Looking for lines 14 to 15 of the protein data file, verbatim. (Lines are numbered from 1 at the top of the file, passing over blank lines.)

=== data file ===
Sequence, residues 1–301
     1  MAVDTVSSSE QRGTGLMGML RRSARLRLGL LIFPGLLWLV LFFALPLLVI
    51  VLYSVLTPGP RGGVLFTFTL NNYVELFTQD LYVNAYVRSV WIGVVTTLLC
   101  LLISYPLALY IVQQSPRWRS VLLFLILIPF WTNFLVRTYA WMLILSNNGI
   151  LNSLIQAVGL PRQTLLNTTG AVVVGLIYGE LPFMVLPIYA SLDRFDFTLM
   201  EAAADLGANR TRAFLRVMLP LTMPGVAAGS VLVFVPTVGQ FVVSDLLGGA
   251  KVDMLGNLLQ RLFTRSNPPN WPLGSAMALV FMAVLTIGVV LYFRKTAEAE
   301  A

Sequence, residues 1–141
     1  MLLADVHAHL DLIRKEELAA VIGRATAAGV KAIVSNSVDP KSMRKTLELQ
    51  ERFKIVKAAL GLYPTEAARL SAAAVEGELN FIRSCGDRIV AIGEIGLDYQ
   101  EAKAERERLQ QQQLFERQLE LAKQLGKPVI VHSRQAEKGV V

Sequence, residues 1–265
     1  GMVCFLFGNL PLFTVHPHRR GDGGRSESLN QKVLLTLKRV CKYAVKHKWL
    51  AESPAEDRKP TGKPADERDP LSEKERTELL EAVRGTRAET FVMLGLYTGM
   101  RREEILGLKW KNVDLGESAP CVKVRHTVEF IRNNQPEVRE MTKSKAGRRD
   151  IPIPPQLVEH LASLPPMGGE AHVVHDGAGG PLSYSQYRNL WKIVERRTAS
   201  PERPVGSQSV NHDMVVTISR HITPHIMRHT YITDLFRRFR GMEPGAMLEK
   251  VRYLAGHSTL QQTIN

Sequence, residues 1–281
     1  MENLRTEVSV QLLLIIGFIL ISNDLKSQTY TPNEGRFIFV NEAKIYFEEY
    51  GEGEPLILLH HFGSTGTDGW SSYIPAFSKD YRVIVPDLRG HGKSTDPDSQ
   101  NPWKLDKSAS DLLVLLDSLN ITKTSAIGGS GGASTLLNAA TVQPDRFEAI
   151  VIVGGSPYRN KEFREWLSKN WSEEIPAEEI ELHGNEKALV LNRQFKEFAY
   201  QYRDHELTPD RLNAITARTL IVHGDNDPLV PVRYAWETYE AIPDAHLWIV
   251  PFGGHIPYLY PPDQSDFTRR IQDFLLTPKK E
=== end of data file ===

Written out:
     1  GMVCFLFGNL PLFTVHPHRR GDGGRSESLN QKVLLTLKRV CKYAVKHKWL
    51  AESPAEDRKP TGKPADERDP LSEKERTELL EAVRGTRAET FVMLGLYTGM